Plaintiff brought this action against Rosemawr, United and Bayley to recover damages for his injuries. At the close of plaintiff's case the action was dismissed by the trial court on the ground that there was no proof of negligence on the part of any defendant. Plaintiff offered an expert witness, Morris Mandl, to testify as to "standard methods" and in what way they were not followed in the digging of the trench; but Mr. Mandl was not permitted to testify because his name was not supplied by plaintiff in response to an interrogatory that he "state the name of every person known to plaintiff to have knowledge of any of the facts on which the allegations of the plaintiff are based." The Appellate Division sustained the dismissal as against Rosemawr, but reversed as against United and Bayley. Gibilterra v. Rosemawr Homes, Inc., 32 N.J. Super. 315 (1954). We granted certification, 17 N.J. 225 (1955).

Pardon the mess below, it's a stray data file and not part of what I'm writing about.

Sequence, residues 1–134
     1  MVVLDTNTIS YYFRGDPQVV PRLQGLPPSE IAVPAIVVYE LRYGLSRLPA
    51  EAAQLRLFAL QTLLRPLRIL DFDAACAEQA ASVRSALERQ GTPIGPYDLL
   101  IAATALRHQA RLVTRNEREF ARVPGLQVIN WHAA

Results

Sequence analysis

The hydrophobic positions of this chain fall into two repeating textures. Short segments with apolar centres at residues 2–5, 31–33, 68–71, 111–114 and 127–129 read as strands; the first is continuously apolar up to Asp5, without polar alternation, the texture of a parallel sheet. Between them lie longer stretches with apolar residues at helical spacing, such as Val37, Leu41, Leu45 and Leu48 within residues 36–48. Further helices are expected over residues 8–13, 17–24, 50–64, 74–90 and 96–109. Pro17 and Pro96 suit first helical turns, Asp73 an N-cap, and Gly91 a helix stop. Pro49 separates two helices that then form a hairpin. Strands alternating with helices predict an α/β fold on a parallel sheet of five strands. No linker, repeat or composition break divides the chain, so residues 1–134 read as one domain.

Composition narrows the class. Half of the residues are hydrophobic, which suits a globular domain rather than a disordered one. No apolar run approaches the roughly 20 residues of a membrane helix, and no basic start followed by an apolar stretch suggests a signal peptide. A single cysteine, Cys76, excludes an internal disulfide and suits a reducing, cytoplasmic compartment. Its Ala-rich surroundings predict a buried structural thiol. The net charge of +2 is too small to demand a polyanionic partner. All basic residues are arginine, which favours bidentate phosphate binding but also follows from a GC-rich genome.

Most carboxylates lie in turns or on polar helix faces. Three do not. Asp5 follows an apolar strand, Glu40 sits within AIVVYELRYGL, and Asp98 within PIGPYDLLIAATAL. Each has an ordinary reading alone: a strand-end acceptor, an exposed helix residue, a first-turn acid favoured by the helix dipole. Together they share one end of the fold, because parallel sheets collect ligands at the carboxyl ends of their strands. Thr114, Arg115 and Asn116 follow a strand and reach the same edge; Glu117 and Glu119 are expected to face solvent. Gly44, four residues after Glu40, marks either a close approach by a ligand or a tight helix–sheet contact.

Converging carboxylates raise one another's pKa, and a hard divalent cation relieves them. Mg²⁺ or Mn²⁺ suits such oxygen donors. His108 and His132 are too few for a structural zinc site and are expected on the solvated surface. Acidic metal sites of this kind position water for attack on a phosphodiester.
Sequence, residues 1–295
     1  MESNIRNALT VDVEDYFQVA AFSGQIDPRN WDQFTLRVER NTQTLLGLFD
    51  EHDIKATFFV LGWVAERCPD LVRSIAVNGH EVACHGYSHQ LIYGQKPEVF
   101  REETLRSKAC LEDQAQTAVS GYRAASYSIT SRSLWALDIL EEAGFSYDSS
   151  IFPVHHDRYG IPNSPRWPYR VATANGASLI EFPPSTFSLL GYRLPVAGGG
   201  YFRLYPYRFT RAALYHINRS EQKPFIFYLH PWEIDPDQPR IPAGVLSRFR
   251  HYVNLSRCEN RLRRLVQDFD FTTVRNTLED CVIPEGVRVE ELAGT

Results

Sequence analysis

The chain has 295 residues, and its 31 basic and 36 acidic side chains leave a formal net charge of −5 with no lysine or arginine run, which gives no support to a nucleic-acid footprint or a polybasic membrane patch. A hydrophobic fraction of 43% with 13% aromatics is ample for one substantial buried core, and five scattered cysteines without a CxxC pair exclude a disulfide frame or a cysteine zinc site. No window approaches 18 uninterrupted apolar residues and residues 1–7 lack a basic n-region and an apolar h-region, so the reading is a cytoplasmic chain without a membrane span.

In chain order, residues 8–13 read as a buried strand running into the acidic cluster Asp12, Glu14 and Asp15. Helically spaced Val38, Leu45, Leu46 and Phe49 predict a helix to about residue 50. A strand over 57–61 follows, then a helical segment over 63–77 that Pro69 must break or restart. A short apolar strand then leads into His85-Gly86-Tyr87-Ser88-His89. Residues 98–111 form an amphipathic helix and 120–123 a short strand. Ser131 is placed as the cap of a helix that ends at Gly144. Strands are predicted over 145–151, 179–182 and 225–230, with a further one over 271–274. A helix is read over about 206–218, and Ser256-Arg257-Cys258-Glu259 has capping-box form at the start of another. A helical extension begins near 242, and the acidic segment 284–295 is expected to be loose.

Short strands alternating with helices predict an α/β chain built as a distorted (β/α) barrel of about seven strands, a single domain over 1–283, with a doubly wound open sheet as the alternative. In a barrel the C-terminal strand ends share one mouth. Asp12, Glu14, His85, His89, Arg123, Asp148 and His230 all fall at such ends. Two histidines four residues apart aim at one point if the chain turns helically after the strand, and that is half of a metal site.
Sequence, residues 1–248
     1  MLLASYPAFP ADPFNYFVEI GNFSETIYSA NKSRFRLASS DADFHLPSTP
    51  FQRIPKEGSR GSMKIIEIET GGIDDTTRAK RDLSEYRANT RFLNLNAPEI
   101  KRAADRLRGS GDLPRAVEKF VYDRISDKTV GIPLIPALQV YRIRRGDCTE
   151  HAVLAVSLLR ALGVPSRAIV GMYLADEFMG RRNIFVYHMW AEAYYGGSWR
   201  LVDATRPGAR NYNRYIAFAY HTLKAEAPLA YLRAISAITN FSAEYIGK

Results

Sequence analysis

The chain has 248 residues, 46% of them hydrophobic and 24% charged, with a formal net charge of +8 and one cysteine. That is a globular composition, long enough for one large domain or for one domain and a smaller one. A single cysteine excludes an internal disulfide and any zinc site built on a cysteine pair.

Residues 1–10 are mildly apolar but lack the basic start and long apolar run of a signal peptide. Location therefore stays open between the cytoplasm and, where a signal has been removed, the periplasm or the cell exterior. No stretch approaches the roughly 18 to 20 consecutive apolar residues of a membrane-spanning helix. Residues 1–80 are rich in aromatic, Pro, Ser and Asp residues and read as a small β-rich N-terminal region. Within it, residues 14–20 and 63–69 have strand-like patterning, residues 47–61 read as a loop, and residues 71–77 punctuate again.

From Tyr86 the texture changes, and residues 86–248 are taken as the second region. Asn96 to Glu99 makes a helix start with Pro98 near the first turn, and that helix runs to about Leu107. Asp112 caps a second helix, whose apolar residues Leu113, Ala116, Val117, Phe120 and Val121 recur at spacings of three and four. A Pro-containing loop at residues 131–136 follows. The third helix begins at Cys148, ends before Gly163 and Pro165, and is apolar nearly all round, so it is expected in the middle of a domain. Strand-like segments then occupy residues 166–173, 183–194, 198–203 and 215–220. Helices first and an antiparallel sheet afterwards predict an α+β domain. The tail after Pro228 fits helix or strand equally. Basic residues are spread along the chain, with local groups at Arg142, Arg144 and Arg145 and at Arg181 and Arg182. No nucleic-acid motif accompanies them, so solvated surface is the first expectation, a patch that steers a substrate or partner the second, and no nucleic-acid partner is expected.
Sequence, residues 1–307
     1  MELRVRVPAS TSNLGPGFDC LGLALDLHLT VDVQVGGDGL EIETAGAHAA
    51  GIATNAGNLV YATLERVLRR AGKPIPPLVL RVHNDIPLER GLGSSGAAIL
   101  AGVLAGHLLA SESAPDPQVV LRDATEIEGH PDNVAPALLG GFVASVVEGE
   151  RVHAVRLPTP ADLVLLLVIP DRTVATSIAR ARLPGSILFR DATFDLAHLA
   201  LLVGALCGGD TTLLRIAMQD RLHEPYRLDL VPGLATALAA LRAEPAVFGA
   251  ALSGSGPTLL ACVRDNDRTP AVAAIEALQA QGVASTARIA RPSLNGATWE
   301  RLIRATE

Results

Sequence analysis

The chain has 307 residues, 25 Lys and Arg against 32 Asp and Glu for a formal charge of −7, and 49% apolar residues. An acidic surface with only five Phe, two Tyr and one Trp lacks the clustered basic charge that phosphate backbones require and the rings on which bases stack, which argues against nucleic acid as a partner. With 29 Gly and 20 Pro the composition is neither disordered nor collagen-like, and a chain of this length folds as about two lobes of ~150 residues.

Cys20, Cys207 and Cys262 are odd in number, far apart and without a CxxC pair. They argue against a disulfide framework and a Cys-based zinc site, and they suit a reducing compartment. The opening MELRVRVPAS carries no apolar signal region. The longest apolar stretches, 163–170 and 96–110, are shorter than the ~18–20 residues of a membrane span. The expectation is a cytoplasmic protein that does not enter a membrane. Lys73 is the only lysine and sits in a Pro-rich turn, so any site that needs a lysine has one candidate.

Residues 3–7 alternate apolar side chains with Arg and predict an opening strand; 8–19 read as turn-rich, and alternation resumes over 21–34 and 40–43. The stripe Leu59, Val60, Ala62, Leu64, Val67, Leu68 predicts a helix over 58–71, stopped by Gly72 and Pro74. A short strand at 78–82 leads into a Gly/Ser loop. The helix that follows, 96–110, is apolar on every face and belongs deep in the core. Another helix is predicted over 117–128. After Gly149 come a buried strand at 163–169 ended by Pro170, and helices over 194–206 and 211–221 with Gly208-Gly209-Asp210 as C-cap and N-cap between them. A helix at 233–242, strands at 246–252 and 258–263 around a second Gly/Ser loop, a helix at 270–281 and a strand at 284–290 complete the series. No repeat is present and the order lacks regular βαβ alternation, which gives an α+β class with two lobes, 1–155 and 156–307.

We agree that the dismissal should stand as against Rosemawr Homes, Inc. No proofs were offered to sustain the allegations that Rosemawr was negligent in its selection of Vellone or in hiring the shovel and its operator from United. Cf. Sarno v. Gulf Refining Co., 99 N.J.L. 340 (Sup. Ct. 1924), affirmed per curiam 102 N.J.L. 223 (E. & A. 1925); see Prosser, Torts, p. 252 (1941). In such case the general principle is that the landowner is under no duty to protect an employee of an independent contractor from the very hazard created by the doing of the contract work. Broecker v. Armstrong Cork Co., 128 N.J.L. 3 (E. & A. 1942); Meny v. Carlson, 6 N.J. 82, 89, 97, 22 A.L.R. 2 d 1160 (1950). The obligations under the Safety Code, R.S. 34:5-1 et seq., that the sides of every excavation in connection with a building operation "shall be sheet piled, braced or shored when necessary to prevent the soil from caving in on those engaged in work within such excavation," R.S. 34:5-21, and "All trenches in loose or rolling soil in connection with building operations shall be properly shored to prevent soil from caving in," R.S. 34:5-23, are imposed only upon "any manager, superintendent, owner, foreman or other person in charge of any building, construction or other place, [19 NJ Page 171] in which this chapter is violated," R.S. 34:5-161. (Emphasis supplied) Whatever may be the case as between Vellone, on the one hand, and United and Bayley, on the other, one or the other of them, and not Rosemawr, was "in charge" of the "place," the trench, where the Code was violated, if it was, and the violations cannot therefore be the basis of liability of Rosemawr. Trecartin v. Mahony-Troast Construction Co., 18 N.J. Super. 380 (App. Div. 1952). Nothing in the record supports plaintiff's contention that Rosemawr participated in, actively interfered with, or exercised control of the manner and method by which the work of digging the trench was done. Cf. Riley v. Jersey Leather Co., 100 N.J.L. 300 (E. & A. 1924); Trecartin v. Mahony-Troast Construction Co., supra. And the proofs do not bring the case within the exception to the general rule which subjects the owner to liability if the work was of the kind which Rosemawr should have recognized would during its progress necessarily create the danger of the mishap which occurred, and thus contained or involved an unreasonable or peculiar risk of bodily harm to plaintiff unless special precautions were taken, Restatement, Torts, secs. 413, 416, pp. 1118, 1128 (1934). The mere making of a trench with a steam shovel is not work which would necessarily give rise to an unreasonable or peculiar risk of the collapse of a sidewall upon workmen in the trench, and there is no showing to justify the inference that Rosemawr knew or should have known that danger of a collapse of the trench inhered in the soil in which the trench was dug. See Terranella v. Union Bldg. & Construction Co., 3 N.J. 443 (1950); 57 C.J.S., Master and Servant, § 590, p. 362 (1948). Three cases cited by plaintiff, Van Steenburgh v. Thornton, 58 N.J.L. 160 (E. & A. 1895); Regan v. Palo, 62 N.J.L. 30 (Sup. Ct. 1898); and Rocco v. F.A. Gillespie Co., 73 N.J.L. 591 (E. & A. 1906), do not controvert, but support the proposition that Rosemawr cannot be liable in the circumstances. The opinions emphasize that in the Van Steenburgh case the defendant's liability to the plaintiff workman injured in the collapse of the trench "was there placed upon the ground that there was in the earth